A jazz journey from two artists who’ve been there, done that.
The Stryker/Slagle Band Expanded – Routes [TrackList follows] – Strikezone 8813, 50:16 [2/5/16] ****:
(Dave Stryker – guitar, co-producer; Steve Slagle – alto saxophone, soprano saxophone (track 2), flute (tracks 2, 6), horn arranger, co-producer; John Clark – French horn; Billy Drewes – tenor saxophone, bass clarinet (tracks 2, 3); Clark Gayton – trombone, tuba (tracks 3, 6); Bill O’Connell – piano, Fender Rhodes (tracks 2, 5-6); Gerald Cannon – bass; McClenty Hunter – drums)
On the 50-minute Routes, frequent musical allies, friends and co-leaders Dave Stryker (guitar) and Steve Slagle (saxes, flute) explore journeys from place to place, past to present, and person to person. The two have collaborated for decades on each other’s projects, in other people’s groups, and as the mainstays of the Stryker/Slagle Band. This time around, Slagle and Stryker have lots to say about areas they’ve called home, musicians they’ve performed with or met along the way, and the passage from their past to their present. That spacious viewpoint also means an enlarged ensemble was needed, thus this nine-track outing utilizes the Stryker/Slagle Band Expanded. One tune features Slagle and Stryker’s traditional quartet setting, while others have keyboards and three additional horns: six cuts have an octet; one piece uses a sextet; another one has a quintet.
The fuller group has Stryker; Slagle (who switches between alto and soprano sax, and occasionally flute); John Clark on French horn; Billy Drewes on tenor sax and bass clarinet; Clark Gayton on trombone and tuba; the always phenomenal Bill O’Connell on piano and Fender Rhodes; plus a grooving rhythm section consisting of bassist Gerald Cannon and drummer McClenty Hunter. Slagle’s horn arrangements spice up the material and supply superb tonal shades.
Geography is certainly important to Slagle’s and Stryker’s compositions. Slagle was born in Los Angeles, thus it’s no surprise he opens the album with the soulful “City of Angels.” Slagle commences with a stirring, deep-toned alto sax solo, followed by Stryker’s riffing guitar solo, and finally O’Connell steps forward to offer some of his scintillating keyboard charm. One can only imagine how this optimistic piece would have gone over in one of the now-closed jazz clubs in the southern sections of the LA basin. Slagle furnishes another illustrative work related to Southern California on the expressive “Gardena,” named after the South Bay city where he once resided. The flavorful, multiple horns provide a tasty backdrop while there are notable solos from Slagle, O’Connell (who slips in some Latin American tinges) and some R’nB-seasoned picking from Stryker. There’s a calmer temperament which shifts through Stryker’s “Great Plains,” which hints at his Midwestern origins (he once lived in Omaha, Nebraska). Slagle’s expansive horn arrangement is evocative of Gil Evans and Thad Jones, two of Slagle’s avowed heroes. The various wind instruments impart a heartfelt ambiance. Slagle uses both sax and flute; Gayton’s tuba supports the bottom end; while O’Connell contributes a soft Fender Rhodes layering; and from start to finish the ensemble maintains a late-night, placid sensibility. Stryker and Slagle have both spent much time living and/or performing in the New York City region. Slagle wrote the funky and fun “Ft. Greene Scene” as an homage to the Brooklyn neighborhood where he once lived, and where he first professionally worked with Slagle. During “Ft. Greene Scene” Stryker and Slagle both stretch out with passionate solos; O’Connell really struts on his Fender Rhodes; and Hunter and Cannon lay down a bluesy, rhythmic swagger. Stryker and Slagle initially met when Stryker auditioned for organist Brother Jack McDuff’s band, at a time when Slagle was in McDuff’s group. That shared history permeates Stryker’s upbeat, shuffling “Lickety Split Lounge,” a 7:44 quartet number which honors the Harlem club where that McDuff audition evidently was held. Slagle and Stryker’s time together can be heard all through this lengthy tune, as they duet and solo like the old pros and friends they have been and continue to be.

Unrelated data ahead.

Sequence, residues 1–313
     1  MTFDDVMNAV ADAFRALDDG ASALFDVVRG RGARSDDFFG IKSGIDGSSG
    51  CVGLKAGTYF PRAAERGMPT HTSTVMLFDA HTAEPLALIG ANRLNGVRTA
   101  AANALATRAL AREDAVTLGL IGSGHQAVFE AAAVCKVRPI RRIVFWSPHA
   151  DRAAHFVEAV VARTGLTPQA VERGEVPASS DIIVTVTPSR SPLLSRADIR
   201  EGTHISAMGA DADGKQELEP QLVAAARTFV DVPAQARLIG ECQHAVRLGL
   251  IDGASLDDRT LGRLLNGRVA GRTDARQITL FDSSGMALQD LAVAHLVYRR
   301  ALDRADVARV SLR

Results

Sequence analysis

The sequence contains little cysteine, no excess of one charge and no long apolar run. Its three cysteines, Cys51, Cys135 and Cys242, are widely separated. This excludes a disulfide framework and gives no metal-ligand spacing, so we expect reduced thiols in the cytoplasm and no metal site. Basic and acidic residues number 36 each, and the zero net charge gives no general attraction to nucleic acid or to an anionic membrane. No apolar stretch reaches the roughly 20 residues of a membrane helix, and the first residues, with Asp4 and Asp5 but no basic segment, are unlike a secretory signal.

Since he began working as a musician in the mid-‘70s, Slagle has played, toured and/or recorded with Charlie Haden, Lionel Hampton, Carla Bley, Joe Lovano and the Mingus Big Band. The Mingus connection comes to the fore on a reflective treatment of Charles Mingus’ “Self-Portrait in Three Colors,” which involves the bigger horn section and has some wonderful moments, including Slagle’s tender sax solo; Stryker’s equally sensitive guitar improvisation; and lightly graceful backing from Hunter (who emphasizes brushes and cymbals) and Cannon (who delivers an elegant bass solo which defines the idea of refinement). Routes is another winner from Stryker/Slagle. The inclusion of a larger ensemble enhances the music because the auditory palette presents plenty of subtle instances, underlying changes and musical developments which reveal themselves over repeat listening. If it has been a while since anyone has appreciated some Stryker/Slagle music, then take this one for a drive.
TrackList: City of Angels; Nothin’ Wrong with It; Self-Portrait in Three Colors; Routes; Ft. Greene Scene; Great Plains; Extensity; Gardena; Lickety Split Lounge.
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